This item is part of Stockwatch's value added news feed and is only available to Stockwatch subscribers.
Here is a sample of this item:
by Stockwatch Business Reporter
West Texas Intermediate crude for February delivery added eight cents to $45.41 on the New York Merc, while Brent for March added 59 cents to $53.80 (all figures in this para U.S.). Western Canadian Select traded at a discount of $15.65 to WTI, up from a discount of $15.75. Natural gas for February lost 36 cents to $2.94. The TSX energy index added 1.40 points to close at 137.88.
It is the last day of 2018, and for many in the oil patch, the reaction is unequivocal: Good riddance. The turbulent year brought WTI prices as high as $76 (U.S.) and as low as $42 (U.S.). WCS differentials were as narrow as $15 (U.S.) and as wide as $45 (U.S.). From February to August, oil price optimism drove energy stocks higher and higher, only for all of those gains and more to be erased from September onward, with much of the sector now ending 2018 at its lowest level in years. The TSX energy index, for example, closed at 127.36 on Christmas Eve, its first time below 130 since 2003 (though it has since risen by a hair to today's close of 137.88). There are 33 companies that make up this index. Twenty-two of them are producers (with most of the rest being service providers). Of those 22, just one, a single one, was higher at the end of 2018 than at the beginning.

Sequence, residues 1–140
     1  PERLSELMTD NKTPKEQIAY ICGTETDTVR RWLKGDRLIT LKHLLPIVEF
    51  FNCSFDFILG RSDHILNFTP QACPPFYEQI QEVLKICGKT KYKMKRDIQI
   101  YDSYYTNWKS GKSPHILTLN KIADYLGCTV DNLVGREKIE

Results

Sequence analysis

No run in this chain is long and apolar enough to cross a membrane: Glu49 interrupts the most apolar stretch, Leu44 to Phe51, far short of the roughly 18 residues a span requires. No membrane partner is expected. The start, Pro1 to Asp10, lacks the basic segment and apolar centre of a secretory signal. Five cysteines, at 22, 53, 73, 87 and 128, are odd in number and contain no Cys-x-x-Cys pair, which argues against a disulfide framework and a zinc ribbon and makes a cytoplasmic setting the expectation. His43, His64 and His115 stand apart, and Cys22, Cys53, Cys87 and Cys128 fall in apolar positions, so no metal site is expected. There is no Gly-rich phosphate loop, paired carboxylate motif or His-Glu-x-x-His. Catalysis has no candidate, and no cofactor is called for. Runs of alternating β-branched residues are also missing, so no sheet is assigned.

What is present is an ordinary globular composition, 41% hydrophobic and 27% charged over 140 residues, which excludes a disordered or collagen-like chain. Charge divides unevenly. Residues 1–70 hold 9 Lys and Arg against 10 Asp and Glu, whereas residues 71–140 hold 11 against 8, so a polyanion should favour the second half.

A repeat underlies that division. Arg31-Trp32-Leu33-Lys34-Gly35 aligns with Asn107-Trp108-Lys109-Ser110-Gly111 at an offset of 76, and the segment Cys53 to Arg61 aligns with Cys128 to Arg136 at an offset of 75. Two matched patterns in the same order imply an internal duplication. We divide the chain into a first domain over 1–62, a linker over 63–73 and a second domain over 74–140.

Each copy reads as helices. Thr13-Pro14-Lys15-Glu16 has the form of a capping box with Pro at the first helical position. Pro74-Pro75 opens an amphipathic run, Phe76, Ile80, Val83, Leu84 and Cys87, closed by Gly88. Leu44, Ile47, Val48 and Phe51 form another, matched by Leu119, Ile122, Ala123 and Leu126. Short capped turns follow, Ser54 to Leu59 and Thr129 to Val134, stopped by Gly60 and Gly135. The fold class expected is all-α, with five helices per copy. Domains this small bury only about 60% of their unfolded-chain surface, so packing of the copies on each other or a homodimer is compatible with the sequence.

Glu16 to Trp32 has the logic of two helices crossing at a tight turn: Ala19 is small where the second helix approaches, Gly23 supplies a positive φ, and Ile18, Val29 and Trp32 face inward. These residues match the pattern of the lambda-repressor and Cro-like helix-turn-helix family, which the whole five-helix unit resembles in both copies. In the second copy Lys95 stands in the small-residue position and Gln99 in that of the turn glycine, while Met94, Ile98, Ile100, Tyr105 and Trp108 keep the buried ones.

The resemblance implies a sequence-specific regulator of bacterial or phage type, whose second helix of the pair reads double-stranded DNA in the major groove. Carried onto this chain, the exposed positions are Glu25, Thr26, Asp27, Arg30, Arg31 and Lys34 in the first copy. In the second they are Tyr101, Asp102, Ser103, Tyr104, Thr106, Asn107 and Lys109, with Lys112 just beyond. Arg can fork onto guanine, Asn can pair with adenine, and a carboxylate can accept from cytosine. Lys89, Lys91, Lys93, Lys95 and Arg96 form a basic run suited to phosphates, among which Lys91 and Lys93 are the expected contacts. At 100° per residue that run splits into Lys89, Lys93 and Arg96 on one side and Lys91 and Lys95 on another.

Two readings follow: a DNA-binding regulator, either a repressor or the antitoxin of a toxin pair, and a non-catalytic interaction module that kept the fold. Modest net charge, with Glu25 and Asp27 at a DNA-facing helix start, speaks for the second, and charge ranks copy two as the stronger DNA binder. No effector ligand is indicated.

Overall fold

The remainder is available to Stockwatch subscribers.
© 2019 Canjex Publishing Ltd. All rights reserved.